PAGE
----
Friday, January 14, 2011

"That Mesopotamia of Our Love"

GilgameshAfter you've read traditional translations of the Gilgamesh, you might enjoy Derrek Hines's modern version of the poem.  Many readers, expecting the book to be an updated but fully authentic representation of the original epic, have been radically disappointed in the book.  Part of their expectation comes from the author's mention of other modern poets faithful reworkings of other early texts (such as Seamus Heaney's Beowulf and Ted Hughes's Tales from Ovid--both of which I am looking forward to reading).  But as Hines emphatically states, his poem "is an interpretation of the Epic of Gilgamesh, but is in no sense a translation."  This is a contemporary meditation on an ancient work--an original poem inspired by the powerful original--an attempt to make the poem as full of "vigour and excitement" as it must have been to its first listeners.

Some of Hines' writing is exquisite, such as this early passage where the author acknowledges the unimaginable newness of writing and poetry occuring in the creation of Gilgamesh:
For the cut of every thought here
is new for our race, and tart with novelty.

Then look: footprints of the mind's bird
in its take-off scramble across wet clay tablets.
Writing!
He continues:
Have there been two such
as Gilgamesh and Enkidu
who released our first imagination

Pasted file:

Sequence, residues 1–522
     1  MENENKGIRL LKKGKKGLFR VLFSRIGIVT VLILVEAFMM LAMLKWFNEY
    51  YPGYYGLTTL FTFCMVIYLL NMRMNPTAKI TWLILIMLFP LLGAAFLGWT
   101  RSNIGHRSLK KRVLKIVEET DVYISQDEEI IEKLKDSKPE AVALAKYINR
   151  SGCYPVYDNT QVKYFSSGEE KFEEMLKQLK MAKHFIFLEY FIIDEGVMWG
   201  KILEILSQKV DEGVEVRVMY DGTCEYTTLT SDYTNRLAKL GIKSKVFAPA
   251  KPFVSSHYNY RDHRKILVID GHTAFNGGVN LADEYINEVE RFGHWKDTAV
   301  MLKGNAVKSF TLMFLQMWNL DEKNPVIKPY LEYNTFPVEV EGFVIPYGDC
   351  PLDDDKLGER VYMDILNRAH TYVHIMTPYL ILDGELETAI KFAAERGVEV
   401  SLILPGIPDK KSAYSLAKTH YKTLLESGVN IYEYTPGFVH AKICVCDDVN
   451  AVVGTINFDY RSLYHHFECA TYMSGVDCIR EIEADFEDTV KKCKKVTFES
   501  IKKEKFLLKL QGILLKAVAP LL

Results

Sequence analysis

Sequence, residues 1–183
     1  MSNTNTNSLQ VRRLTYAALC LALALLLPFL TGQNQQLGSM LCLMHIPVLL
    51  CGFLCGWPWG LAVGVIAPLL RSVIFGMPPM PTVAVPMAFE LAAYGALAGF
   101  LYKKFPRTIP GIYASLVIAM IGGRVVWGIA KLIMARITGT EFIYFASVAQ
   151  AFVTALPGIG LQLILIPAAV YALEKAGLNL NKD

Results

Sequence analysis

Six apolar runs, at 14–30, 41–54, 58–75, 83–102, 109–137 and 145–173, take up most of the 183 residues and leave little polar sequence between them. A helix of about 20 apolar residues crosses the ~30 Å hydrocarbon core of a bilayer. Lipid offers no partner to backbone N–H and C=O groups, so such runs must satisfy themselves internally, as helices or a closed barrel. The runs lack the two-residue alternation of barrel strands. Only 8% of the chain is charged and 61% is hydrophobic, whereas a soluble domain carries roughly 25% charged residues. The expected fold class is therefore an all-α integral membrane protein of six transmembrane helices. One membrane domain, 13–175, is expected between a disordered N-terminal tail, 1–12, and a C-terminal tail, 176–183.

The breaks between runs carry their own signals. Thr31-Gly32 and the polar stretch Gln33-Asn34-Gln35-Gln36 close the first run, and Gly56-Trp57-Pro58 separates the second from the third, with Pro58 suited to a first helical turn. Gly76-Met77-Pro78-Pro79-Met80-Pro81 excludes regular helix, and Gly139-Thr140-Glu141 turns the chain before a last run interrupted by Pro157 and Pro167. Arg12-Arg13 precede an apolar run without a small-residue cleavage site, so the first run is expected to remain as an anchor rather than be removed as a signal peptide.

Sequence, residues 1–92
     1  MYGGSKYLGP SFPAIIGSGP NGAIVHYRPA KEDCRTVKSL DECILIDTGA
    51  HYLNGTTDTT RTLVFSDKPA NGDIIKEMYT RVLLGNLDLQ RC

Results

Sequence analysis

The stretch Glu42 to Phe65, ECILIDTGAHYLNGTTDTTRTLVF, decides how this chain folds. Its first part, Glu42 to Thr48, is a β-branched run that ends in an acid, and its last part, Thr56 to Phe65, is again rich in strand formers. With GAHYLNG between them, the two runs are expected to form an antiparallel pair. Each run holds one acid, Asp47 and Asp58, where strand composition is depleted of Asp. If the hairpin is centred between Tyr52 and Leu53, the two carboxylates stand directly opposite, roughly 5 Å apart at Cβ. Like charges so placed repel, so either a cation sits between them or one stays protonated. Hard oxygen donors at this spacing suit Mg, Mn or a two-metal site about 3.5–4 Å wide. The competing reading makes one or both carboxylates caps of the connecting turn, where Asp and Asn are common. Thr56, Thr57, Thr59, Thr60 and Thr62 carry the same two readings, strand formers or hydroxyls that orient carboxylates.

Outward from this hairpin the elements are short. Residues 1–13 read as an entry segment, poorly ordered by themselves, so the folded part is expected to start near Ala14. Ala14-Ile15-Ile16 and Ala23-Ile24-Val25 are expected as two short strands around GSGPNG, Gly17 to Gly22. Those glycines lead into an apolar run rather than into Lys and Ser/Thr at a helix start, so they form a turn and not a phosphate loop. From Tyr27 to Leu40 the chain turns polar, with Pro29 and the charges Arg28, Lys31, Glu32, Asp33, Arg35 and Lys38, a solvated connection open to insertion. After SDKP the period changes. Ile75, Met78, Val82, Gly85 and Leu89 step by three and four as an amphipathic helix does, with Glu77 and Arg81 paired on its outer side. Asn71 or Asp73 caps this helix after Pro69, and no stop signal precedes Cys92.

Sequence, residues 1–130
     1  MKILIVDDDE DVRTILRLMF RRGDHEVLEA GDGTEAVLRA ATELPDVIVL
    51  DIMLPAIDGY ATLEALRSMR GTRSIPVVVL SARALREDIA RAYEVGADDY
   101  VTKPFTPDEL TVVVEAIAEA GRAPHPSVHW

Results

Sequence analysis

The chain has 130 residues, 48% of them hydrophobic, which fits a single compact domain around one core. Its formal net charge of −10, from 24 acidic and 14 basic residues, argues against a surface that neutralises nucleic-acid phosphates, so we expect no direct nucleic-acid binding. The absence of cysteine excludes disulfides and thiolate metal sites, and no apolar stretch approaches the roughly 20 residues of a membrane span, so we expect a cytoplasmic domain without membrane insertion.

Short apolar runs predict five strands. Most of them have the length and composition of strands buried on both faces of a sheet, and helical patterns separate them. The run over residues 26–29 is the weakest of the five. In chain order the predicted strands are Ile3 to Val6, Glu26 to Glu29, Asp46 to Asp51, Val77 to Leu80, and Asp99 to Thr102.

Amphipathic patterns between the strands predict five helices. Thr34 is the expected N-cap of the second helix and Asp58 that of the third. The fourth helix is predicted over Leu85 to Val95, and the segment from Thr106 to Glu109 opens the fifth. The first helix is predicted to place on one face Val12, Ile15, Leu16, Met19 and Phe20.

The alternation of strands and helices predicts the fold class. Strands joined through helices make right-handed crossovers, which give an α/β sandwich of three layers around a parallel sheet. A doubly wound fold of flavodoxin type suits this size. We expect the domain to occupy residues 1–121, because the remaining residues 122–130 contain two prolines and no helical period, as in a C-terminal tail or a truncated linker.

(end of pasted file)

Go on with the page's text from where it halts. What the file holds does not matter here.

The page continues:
to map the new interior spaces we still
scribble on the backs of envelopes, of lives?
There are other sections that amuse me with their combination of the timeless and the technological, the ancient and the new. Take this section discussing the temple prostitute's efforts to civilize Enkidu through sex:
Finally Shamhat gasped a full-throated
praise of male hydraulics,
entering her like the stiff shaduf
that lifts night's constellations off the river's face,
spilling the wet start-seed into the splayed canals.

Many of his images hold an even greater contrast of old and new, such as his description of the "high-velocity blip on the radar screen" when a goddess appears, or his versions of the very twentieth-century military battles against Humbaba.  Hines twists the traditional picture if the temple prositute and turns Shamhat into a very different image more in line with modern stereotypes of prostitutes.  And he explains magical elements in the story through more believable means--drugs.  Some of these twists are highly effective, and some are less so.  

Hines's deliberate dating of this timeless story left me somewhere between fascinated and--well, honestly, kind of irritated.


*  *  *

Although overall I enjoyed Hines version, it is in no way a substitute for reading a more traditional translation such as Mitchell's.  I suspect you will appreciate this version far more if you've first thought through the themes and characterizations of the ancient epic.

What fascinates me most is how much such ancient texts as Gilgamesh can innervate contemporary poets.  The oldest of our stories express what we consider most deeply human--and most completely relevant.

8 comments:

  1. What an interesting idea! I haven't heard of this version of Gilgamesh. I do think it's amazing that such an ancient story can still be relevant thousands of years after it was first set down. However, at this point I might still be too attached to the Mitchell translation to enjoy anything else! At some point down the road, though, I'd be interesting to try Hines's take. Thanks for bringing it to my attention.